- Paperback: 224 pages
- Publisher: Marion Boyars (January 1, 1999)
- Language: English
- ISBN-10: 0714530034
- ISBN-13: 978-0714530031
- Product Dimensions: 5.3 x 0.6 x 8.7 inches
- Shipping Weight: 12.6 ounces
- Average Customer Review: 85 customer reviews
- Amazon Best Sellers Rank: #4,331,935 in Books (See Top 100 in Books)
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Alfred Hitchcock and the Making of Psycho
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If you don't believe us when we say that Stephen Rebello's Alfred Hitchcock and the Making of Psycho is a killer book concerning the killer movie of all time, then why don't you listen to Tony Perkins, the star? Perkins called this scholarly yet super-readable volume "marvelously researched and irresistible ... required reading not only for Psycho-philes, but also for anyone interested in the backstage world of movie creation." And Time critic Richard Schickel (biographer of Clint Eastwood) calls Rebello's book "one of the best accounts of the making of an individual movie we've ever had."
It's even more reliable than Francois Truffaut's magisterial interview book Hitchcock, because Rebello interviewed the fat master himself, plus many Psycho insiders less cagey and truth-dodging than he.
At last, thanks to Rebello, we know all about the celebrated shower murder scene and all that swirls around it. Like Ernst Lubitsch, who conveyed the thrill of adultery by having the lovers open a door and cast their shadows on a bed, Hitchcock knew that, in film, artful discretion can be the most shocking effect of all. --Tim Appelo --This text refers to an alternate Paperback edition.
From Library Journal
In some ways a groundbreaking film, Psycho has been extensively written about and minutely analyzed. Rebello's anecdotal approach could well have been entitled The Saga of Psycho . Beginning with the story of the actual crimes upon which Robert Bloch's novel was based, it covers every aspect of the film's production, its subsequent reception, and, briefly, the later films inspired by Psycho . Although this somewhat parallels Richard Naremore's Filmguide to Psycho (Indiana Univ. Pr., 1973. o.p.), Rebello's book has added considerable color gained from extensive interviews with Hitchcock and others who worked on the film. This is a readable, albeit occasionally rambling, account and is a useful adjunct to Naremore and the numerous other books about the Hitchcock canon. Movie/Entertainment Book Club selection.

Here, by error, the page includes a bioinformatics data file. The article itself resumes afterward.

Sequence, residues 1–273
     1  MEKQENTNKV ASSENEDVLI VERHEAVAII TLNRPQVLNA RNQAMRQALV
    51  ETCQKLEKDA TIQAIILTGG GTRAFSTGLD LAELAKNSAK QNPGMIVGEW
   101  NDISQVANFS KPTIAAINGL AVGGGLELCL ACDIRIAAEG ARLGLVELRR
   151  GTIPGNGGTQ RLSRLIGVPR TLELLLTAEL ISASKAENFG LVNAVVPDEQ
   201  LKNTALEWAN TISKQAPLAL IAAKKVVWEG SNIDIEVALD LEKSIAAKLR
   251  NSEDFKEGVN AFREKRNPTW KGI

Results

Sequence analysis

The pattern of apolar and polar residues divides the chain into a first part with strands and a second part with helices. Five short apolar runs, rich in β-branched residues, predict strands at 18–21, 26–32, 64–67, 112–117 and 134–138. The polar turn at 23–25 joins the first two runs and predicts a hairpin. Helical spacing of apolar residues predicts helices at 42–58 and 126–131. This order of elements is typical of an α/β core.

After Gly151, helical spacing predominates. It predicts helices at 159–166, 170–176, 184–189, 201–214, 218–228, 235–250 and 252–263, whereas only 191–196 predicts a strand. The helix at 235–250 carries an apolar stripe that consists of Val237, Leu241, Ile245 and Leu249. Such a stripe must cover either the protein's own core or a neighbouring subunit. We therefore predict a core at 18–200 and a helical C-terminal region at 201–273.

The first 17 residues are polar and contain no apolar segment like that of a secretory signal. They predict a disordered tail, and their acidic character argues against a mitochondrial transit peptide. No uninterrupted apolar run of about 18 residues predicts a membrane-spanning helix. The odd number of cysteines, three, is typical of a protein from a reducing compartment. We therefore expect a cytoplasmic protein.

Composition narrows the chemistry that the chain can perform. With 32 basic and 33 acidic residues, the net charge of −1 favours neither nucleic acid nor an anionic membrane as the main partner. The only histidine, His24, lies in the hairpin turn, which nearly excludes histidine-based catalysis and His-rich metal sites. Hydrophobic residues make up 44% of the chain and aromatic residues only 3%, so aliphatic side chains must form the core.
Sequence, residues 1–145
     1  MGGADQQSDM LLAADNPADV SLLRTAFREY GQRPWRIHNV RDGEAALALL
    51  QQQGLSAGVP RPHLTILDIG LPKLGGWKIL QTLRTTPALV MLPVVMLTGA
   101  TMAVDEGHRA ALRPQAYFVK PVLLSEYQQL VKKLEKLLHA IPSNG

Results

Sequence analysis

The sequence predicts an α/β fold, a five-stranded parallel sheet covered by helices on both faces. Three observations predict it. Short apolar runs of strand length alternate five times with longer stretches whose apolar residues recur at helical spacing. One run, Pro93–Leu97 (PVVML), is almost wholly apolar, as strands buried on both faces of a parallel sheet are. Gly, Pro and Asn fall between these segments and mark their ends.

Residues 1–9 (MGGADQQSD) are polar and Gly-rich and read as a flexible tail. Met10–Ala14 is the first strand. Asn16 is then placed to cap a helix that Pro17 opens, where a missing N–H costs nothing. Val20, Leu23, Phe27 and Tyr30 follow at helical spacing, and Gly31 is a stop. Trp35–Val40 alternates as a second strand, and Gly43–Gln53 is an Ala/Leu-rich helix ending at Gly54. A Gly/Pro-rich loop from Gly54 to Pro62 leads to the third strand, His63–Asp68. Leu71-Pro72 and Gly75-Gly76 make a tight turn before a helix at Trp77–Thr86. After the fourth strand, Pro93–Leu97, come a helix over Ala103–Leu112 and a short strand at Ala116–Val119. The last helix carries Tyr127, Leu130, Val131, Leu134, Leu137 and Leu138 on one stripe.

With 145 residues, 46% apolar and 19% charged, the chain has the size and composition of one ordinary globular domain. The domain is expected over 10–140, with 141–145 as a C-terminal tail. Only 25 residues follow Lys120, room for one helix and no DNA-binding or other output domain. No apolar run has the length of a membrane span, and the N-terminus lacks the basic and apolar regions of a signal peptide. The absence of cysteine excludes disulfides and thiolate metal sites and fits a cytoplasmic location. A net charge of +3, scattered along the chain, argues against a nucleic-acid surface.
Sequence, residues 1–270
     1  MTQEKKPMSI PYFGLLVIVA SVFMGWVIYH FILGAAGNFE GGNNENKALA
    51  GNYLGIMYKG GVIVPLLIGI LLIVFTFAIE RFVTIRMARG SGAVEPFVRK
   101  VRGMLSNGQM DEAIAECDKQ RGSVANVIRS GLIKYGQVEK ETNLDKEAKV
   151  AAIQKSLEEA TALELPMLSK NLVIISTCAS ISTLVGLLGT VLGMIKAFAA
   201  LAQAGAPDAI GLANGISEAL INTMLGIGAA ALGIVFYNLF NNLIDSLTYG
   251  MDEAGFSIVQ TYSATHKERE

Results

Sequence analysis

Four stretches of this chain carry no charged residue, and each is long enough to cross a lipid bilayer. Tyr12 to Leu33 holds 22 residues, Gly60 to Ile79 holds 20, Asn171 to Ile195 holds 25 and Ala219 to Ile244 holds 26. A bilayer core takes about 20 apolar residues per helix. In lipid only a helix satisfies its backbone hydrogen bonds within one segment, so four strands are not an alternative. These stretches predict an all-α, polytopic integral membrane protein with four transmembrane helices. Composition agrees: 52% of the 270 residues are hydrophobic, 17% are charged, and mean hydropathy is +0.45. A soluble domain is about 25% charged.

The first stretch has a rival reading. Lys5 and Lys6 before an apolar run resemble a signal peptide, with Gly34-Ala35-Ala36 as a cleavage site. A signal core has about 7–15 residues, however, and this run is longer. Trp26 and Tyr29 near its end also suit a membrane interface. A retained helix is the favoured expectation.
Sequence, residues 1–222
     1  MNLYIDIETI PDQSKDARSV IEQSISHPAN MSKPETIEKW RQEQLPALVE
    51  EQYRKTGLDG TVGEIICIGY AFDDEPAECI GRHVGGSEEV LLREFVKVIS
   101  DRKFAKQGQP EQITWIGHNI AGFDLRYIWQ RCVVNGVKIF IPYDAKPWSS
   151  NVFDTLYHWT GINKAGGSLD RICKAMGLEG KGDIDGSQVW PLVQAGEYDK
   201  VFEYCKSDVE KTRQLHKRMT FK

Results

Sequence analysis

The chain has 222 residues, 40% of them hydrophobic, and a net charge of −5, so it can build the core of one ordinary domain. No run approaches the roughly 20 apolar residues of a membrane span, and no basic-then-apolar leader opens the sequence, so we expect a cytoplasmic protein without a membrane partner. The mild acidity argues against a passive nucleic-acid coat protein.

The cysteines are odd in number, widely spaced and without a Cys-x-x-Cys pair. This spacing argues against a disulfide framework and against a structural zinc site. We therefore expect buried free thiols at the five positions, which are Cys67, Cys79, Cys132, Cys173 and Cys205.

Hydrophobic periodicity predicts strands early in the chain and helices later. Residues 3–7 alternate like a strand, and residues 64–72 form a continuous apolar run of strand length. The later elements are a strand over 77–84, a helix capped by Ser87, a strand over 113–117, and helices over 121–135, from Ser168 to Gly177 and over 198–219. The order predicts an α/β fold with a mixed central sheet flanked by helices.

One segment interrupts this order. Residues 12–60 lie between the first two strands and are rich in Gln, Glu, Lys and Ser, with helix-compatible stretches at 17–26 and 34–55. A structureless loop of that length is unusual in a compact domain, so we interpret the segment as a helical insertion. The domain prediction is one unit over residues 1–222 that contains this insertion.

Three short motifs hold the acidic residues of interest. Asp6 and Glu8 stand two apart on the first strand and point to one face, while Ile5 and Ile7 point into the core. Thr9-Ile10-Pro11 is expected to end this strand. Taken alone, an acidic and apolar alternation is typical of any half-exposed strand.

- Roy Liebman, California State Univ. Lib., Los Angeles
Copyright 1990 Reed Business Information, Inc. --This text refers to an alternate Paperback edition.
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PS: I have not seen the recent "Hitchcock" movie with Helen Mirren of which this kindle edition has a movie tie-in cover but I imagine that movie is hardly representative of the book for the mere fact that Alma Hitchcock is only mentioned twice in the book. Once standing near a closed door and second on a rare public appearance with Alfred at an event. That said there is quite a bit of information on their dauhter, Patricia, who is incredibly still alive at the time of this review.
The book itself is a detailed history of putting the movie together, and all elements are looked at in the book, which is good if you like film making, Hitchcock, or Psycho. Which you are, otherwise you wouldn't be reading this. It's a very pleasant read and you don't have to know the technical aspects in detail.
Controversy abounds with both this book and the movie that is loosely based upon it. It seems everyone wanted a piece of the little film turned classic.
Rebello was thorough in his research. There isn't anyone involved in the making of Psycho that he didn't talk with, making him the foremost authority on the subject. Though some didn't, I enjoyed it.
This book is filled with amusing tidbits and behind-the-scenes drama.
I got the impression that screen writer Joseph Stephano was a little high strung. He didn't like being overruled by Hitchcock, and on many occasions felt snubbed by the director. The truth is, Hitchcock wanted people around him whom he could trust. Stephano was inexperienced, and Hitchcock wasn't going to let his baby fail.
I studied some film and television in school, so I was fascinated by the technical details provided by Saul Bass, who created the now famous opening credit graphics and animations. It probably explains why I enjoyed this book so much. Tricks of the trade abound.
One of the more interesting things, is how Hitchcock used the crew from his popular television series to create this suspense classic.